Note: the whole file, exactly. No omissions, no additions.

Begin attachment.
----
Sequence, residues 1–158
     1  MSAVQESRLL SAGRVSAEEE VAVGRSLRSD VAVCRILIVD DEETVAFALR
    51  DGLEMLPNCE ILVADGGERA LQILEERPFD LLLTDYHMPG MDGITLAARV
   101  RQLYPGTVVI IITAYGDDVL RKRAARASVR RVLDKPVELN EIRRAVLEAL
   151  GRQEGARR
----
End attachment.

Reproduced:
Sequence, residues 1–158
     1  MSAVQESRLL SAGRVSAEEE VAVGRSLRSD VAVCRILIVD DEETVAFALR
    51  DGLEMLPNCE ILVADGGERA LQILEERPFD LLLTDYHMPG MDGITLAARV
   101  RQLYPGTVVI IITAYGDDVL RKRAARASVR RVLDKPVELN EIRRAVLEAL
   151  GRQEGARR